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Molecular Dynamics Simulations of the M37 Lipase from
Psychrophilic Photobacterium lipolyticum: Protein
Solvation in Water and Methanol
Gregory J. Samuel, Jr. - Parsons Hall, 23 Academic Way, Durham, NH 03824
Molecular dynamics (MD) simulations provide insight regarding the structural changes that molecules undergo when exposed to various conditions.
Psychrophilic species are those that can tolerate or even thrive in cold water conditions (generally 0-30 degrees Celsius). The Photobacterium
lipolyticum was discovered in a sediment sample from the Yellow Sea and the M37 lipase was isolated and characterized (Figure 1) from that
sample.[1] Experimentally, it was found that the M37 lipase could be used in biodiesel production and has significant stability in methanol
solutions.[2] The lipase characterization, reactivity, and stability were determined experimentally, so MD simulations have potential to
Figure 1: M37 lipase colored to
show secondary structure.
improve understanding of this chemical, leading to more comprehensive studies and greater industrial applications.
The software Visual Molecular Dynamics (VMD) was used to visualize and
produce structure files for the lipase (Figure 2).[3] The protein was solvated in a
0 ns
2 ns
4 ns
6 ns
8 ns
water box using the solvate feature, which was converted into a methanol box
(Figure 3). Simulations were performed on the protein in a water box using the
NAMD software, producing simulations between 8 and 9 nanoseconds in
duration at four different temperatures (276, 288, 298, and 313 Kelvin).
Figure 4: Selected frames from an 8.59
nanosecond simulation trajectory on chain
B of the M37 lipase in a water box at 276
K (3 °C). The water box is not shown for
clarity of image. Highlighted are the lid
domain (red) and active site (yellow).
Results and Discussion
Protein solvation was successful in pure water and in pure
methanol. Simulations performed on the water-solvated
protein yielded significant data to be analyzed (Figure 4).
Protein solvation in methanol yielded insight as to techniques
and best practices for producing box-solvated proteins of
Figure 2: Protein representations showing:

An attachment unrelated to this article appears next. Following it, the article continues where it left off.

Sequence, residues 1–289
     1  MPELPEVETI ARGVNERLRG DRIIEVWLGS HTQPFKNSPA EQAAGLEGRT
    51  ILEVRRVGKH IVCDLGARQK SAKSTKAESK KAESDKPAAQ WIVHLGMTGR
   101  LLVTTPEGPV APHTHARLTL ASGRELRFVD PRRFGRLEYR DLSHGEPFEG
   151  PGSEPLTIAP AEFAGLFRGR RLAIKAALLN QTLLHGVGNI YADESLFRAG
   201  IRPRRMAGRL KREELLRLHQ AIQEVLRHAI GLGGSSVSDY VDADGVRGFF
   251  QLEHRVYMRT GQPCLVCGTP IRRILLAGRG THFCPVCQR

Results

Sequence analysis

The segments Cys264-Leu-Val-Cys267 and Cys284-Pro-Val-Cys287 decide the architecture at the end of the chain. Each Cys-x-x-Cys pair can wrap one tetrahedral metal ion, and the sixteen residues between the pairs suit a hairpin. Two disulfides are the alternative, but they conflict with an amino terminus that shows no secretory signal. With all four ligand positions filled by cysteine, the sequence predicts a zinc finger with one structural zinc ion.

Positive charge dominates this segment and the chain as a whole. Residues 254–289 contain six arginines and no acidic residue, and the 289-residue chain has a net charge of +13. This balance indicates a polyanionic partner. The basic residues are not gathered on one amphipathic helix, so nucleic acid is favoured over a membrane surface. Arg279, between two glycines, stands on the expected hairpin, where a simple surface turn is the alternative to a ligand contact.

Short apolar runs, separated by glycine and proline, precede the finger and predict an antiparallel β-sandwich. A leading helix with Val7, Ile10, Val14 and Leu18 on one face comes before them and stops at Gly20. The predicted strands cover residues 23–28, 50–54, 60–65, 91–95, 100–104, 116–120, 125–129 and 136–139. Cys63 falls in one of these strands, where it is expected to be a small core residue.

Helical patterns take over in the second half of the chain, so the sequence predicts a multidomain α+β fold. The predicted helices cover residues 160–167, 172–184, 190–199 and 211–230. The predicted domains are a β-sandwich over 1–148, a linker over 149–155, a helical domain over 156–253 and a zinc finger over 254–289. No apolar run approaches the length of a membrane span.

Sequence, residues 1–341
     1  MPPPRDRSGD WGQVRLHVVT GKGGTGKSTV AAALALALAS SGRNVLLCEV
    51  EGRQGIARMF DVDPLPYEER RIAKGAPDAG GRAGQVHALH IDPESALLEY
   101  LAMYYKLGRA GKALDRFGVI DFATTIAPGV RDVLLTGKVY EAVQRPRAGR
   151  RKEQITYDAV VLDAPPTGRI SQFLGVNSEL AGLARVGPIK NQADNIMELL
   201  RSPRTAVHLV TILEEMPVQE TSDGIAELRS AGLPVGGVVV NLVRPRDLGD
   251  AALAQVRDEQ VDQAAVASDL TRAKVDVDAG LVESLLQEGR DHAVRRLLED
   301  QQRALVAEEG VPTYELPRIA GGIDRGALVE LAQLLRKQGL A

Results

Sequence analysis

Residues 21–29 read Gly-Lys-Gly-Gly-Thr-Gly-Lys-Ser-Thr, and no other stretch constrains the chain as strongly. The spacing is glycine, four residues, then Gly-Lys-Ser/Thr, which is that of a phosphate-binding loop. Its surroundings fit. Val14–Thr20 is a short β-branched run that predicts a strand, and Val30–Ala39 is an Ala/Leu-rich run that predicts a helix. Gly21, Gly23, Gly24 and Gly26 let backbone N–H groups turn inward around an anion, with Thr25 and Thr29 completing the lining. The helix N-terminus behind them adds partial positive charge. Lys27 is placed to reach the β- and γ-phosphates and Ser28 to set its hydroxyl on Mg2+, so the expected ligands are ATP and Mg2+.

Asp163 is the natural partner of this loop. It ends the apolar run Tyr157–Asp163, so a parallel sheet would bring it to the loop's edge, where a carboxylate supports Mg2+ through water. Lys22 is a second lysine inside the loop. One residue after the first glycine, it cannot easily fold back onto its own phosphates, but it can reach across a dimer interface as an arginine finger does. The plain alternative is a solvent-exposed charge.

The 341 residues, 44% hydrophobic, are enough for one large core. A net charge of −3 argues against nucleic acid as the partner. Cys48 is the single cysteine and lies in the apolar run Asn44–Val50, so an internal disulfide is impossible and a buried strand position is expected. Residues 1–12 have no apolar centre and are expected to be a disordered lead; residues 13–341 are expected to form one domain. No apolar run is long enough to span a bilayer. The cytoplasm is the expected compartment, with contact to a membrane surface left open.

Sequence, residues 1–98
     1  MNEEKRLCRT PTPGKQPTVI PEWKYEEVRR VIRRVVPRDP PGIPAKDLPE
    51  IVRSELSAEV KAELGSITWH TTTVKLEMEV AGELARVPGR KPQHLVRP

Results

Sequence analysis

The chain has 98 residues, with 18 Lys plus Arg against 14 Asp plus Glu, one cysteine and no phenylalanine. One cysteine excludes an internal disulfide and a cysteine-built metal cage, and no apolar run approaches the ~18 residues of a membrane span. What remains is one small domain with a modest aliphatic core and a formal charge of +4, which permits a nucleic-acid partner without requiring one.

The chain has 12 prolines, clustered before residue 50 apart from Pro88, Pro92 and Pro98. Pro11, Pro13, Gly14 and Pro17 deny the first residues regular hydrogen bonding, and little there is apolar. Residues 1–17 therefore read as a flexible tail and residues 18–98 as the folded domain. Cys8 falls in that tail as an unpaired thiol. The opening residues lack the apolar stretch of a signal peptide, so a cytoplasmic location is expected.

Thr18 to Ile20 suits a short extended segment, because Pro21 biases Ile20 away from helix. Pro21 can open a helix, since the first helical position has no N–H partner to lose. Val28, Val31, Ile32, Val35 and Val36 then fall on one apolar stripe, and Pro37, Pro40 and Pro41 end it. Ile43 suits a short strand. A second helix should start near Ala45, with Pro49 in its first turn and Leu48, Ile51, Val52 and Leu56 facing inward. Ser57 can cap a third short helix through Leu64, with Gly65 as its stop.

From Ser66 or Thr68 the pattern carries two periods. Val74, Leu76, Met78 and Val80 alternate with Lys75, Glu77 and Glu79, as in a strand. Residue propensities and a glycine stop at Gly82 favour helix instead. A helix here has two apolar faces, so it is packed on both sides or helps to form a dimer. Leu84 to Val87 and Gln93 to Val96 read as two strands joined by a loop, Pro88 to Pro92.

dimeric structure [a], dimeric structure with
lids and active sites highlighted [b], and
separate chains rotated to better display active
site/lid arrangements [c].
controlled size and concentration.
Conclusions and Future Work
Figure 3: Steps showing the solvation of chain B on the M37 lipase. The representations show: the space-filling model of chain B
highlighting the lid domain [a], the space-filling model highlighting both the lid domain and the active site [b], chain B solvated in a
water box [c], and chain B solvated in a methanol box [d].
This project was funded by the National Science Foundation’s Research Experience for Teachers in Engineering Grant
(ENG-1132648). Funding and support from the Joan and James Leitzel Center for Mathematics, Science, and
Engineering Education is gratefully acknowledged, as is support from Dr. Harish Vashisth and the UNH Department of
Chemical Engineering.
Solvating the M37 lipase in water allowed for simple temperature simulations. Quantitative analysis of these
simulations will show the stability of the lipase at these temperatures. Determining the stability of the lipase in
different solvents (at varying concentrations) and temperatures could provide insight for industrial applications.
[1] Jung, Suk‐Kyeong, Jeong, Dae Gwin, Lee, Mi Sook, Lee, Jung-Kee, Kim, Hyung-Kwoun, Ryu, Seong Eon, Park, Byong Chul, Kim, Jae Hoon, Kim, Seung Jun. "Structural
basis for the cold adaptation of psychrophilic M37 lipase from Photobacterium lipolyticum." Proteins: Structure, Function, and Bioinformatics 71.1 (2008): 476-484.
[2] Yang, Kyung Seok, Jung-Hoon Sohn, and Hyung Kwoun Kim. "Catalytic properties of a lipase from Photobacterium lipolyticum for biodiesel production containing a high
methanol concentration." Journal of bioscience and bioengineering 107.6 (2009): 599-604.
[3] Humphrey, W., Dalke, A. and Schulten, K., ''VMD - Visual Molecular Dynamics", J. Molec. Graphics, 1996, vol. 14, pp. 33-38.
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